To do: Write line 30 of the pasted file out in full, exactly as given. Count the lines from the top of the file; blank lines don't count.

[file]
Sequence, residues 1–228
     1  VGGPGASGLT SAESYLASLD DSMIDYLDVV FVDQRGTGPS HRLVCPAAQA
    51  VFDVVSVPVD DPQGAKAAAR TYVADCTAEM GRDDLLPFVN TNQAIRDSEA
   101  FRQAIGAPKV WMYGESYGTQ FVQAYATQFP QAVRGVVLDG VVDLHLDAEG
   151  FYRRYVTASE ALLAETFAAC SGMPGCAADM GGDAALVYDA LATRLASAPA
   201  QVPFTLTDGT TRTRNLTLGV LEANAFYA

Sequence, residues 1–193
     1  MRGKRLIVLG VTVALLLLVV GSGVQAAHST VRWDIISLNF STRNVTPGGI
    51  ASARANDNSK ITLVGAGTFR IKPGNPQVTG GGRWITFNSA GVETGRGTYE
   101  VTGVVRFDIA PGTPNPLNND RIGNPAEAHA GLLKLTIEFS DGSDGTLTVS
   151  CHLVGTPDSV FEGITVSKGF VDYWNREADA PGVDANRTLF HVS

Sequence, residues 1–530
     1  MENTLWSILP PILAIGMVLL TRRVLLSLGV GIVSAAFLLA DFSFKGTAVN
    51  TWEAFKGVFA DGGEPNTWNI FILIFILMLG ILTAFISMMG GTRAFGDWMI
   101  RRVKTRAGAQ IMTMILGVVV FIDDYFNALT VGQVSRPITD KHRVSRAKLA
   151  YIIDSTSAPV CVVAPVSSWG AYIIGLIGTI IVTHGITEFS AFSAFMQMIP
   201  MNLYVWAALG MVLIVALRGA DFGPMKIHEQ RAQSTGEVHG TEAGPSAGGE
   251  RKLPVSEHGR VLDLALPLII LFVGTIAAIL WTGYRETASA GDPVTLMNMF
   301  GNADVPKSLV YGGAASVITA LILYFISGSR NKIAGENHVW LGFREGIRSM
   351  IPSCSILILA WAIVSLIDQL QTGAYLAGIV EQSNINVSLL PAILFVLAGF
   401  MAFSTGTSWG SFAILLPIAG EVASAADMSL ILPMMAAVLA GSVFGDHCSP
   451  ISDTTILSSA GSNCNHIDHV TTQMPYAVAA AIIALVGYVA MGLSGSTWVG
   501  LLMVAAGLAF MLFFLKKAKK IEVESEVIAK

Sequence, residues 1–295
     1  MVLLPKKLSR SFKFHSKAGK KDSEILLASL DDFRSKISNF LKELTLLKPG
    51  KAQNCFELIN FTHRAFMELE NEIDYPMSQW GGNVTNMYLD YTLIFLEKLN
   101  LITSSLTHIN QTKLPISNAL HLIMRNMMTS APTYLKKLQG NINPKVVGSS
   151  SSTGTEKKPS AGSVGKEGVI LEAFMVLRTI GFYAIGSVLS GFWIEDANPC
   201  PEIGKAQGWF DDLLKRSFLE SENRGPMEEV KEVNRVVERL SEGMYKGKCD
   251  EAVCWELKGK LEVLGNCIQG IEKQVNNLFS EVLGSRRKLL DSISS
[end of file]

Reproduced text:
   251  EAVCWELKGK LEVLGNCIQG IEKQVNNLFS EVLGSRRKLL DSISS